Britain’s Prime Minister Rishi Sunak heralded a new foreign policy approach on Monday to address growing international turmoil.
In a major international affairs speech on Monday evening, Mr Sunak promised to back international efforts to prevent the Israel-Gaza war from escalating into a region-wide conflict that would have global implications.
The surprise appointment of former prime minister David Cameron as Foreign Secretary has been viewed as a politically astute move that will substantially enhance Britain’s overseas standing.
“The UK wrote the original UN resolutions setting out a two-state solution and we’ve argued for it for decades but now we must help make it a reality,” Mr Sunak told an audience of diplomats, foreign policy thinkers and business leaders on Monday.
“To the UK’s friends across the region and to our communities in this country, I pledge to redouble British efforts to this end.”
During the speech, Mr Sunak noted: “The UK’s friends across the region, like Jordan, Egypt, UAE and Saudi Arabia, who support normalisation and peaceful coexistence and to our communities at home.”
He went on to add that the UK must provide “serious, practical and enduring support needed to bolster the Palestinian Authority because they are the best route to sweep away the terrible scourge of Hamas and all it has wrought”.
“As hard as it may be, no matter the obstacles, we must put the region on the path to a genuine peace,” Mr Sunak said.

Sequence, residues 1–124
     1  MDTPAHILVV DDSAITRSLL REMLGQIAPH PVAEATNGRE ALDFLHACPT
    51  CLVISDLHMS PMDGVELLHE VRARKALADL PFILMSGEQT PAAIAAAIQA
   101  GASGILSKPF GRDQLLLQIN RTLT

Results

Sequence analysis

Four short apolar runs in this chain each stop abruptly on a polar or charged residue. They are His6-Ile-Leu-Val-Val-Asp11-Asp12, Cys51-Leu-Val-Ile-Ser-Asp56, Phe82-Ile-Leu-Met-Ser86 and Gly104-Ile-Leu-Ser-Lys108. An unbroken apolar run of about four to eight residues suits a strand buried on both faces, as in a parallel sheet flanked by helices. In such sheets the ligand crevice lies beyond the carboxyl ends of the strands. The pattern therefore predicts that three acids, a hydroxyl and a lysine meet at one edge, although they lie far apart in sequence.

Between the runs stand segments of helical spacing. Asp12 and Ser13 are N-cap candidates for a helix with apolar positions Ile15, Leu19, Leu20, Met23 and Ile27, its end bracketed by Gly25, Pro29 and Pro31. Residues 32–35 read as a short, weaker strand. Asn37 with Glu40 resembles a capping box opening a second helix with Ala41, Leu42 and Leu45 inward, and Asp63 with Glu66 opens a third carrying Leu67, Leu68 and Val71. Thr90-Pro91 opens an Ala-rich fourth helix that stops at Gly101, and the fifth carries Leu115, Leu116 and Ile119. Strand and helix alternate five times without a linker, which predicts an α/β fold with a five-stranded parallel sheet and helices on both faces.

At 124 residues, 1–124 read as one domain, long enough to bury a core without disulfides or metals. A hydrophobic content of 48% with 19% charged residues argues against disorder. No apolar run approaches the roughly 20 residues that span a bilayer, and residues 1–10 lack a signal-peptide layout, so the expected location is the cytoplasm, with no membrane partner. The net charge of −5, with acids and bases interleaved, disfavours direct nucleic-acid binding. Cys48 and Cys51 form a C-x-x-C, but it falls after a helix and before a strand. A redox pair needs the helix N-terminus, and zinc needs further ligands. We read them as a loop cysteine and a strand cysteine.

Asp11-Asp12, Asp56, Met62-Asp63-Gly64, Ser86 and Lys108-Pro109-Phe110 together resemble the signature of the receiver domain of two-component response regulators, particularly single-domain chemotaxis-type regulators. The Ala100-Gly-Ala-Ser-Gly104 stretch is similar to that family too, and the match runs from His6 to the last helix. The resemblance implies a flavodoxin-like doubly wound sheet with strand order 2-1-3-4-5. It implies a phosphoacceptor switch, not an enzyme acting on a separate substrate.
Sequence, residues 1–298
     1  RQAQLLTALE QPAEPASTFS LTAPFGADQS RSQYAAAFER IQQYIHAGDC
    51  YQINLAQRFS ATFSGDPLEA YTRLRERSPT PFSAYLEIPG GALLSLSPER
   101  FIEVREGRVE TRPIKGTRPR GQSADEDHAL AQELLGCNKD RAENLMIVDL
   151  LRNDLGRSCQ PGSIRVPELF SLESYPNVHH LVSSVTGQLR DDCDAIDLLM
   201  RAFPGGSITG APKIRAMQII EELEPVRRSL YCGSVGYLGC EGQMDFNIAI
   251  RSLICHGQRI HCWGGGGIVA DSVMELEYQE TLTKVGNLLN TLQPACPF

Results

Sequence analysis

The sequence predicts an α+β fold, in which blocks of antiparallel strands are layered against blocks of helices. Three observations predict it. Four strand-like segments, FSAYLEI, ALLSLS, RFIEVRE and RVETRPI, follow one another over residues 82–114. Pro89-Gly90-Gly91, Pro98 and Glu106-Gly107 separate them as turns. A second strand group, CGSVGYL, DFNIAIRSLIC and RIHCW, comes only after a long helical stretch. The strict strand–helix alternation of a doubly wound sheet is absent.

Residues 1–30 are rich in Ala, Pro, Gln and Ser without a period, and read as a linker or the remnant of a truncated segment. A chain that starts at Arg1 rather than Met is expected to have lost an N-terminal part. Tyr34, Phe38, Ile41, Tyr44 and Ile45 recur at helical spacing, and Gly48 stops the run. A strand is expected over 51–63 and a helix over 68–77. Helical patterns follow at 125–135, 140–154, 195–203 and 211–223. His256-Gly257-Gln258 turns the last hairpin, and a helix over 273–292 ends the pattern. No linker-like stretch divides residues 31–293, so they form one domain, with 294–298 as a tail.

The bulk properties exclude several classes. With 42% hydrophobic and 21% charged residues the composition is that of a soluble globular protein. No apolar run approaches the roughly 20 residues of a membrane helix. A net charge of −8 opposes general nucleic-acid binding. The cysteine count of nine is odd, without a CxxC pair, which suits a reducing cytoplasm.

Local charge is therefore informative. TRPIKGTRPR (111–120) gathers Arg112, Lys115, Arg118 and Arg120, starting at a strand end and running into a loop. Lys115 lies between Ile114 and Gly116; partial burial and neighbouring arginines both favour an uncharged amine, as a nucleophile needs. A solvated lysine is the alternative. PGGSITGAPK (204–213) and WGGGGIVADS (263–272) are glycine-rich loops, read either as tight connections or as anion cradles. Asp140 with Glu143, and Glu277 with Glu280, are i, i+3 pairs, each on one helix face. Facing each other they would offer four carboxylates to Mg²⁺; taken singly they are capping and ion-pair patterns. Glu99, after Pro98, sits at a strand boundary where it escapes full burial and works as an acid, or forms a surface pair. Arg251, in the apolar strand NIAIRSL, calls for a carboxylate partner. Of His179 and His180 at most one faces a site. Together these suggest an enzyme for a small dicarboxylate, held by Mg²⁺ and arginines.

Mr Sunak also made the case for a foreign policy rooted firmly in British “values and vision”, pointing to its “resolute support for our allies” that includes Ukraine and the US.
“These alliances speak to something deeper: our willingness to act, to shape the world, not be shaped by it, wherever there’s a challenge, wherever there’s a threat, wherever we can promote peace and security.”
It is understood that Mr Cameron is highly likely to make a trip to the Middle East as a priority to address the growing calls to help bring humanitarian aid to Gaza.
His credentials as a former prime minister who undertook several trips to the region during his time in office, will give British foreign policy a significant lift.
Former ministers have told The National that Mr Cameron will “open doors that others cannot”, giving him access at the highest levels.
More importantly, his words will carry greater weight than his predecessors, which could mean that the Israeli government might take more notice if Britain backs calls for a ceasefire.
During a briefing of journalists in Downing Street on Monday, the Prime Minister’s official spokesman argued that Mr Cameron “brings significant experience to the role”.
“It comes at a time particular challenge in Ukraine, the Israel-Gaza conflict so it's important for the right level of skills and capability,” he added.
Asked by The National what impact Mr Cameron might have on the world stage and in particular the Middle East, the spokesman said his appointment came at an important time in international politics.
“It's a huge advantage to have someone of that experience to that role, and is already established on the world stage,” he added.
He did not go into Mr Cameron’s future travel plans but said he would want to “meet with key partners” in the very near future.
British foreign policy decisions will continue to be made by the Prime Minister in consultation with the Foreign Secretary, he added.
It was also confirmed that Mr Cameron, who has now become a peer with a seat in the House of Lords, will attend parliamentary committee hearings but foreign questions will be answered in the Commons by Development Secretary Andrew Mitchell or the Prime Minister.
The Prime Minister’s political spokesman stated that the suggestion to appoint Mr Cameron “was originally from the Prime Minster, who raised it as an idea”.
“The way that I characterise it is that this is an opportunity for the Prime Minister to strongly deliver the changes the country needs,” she added.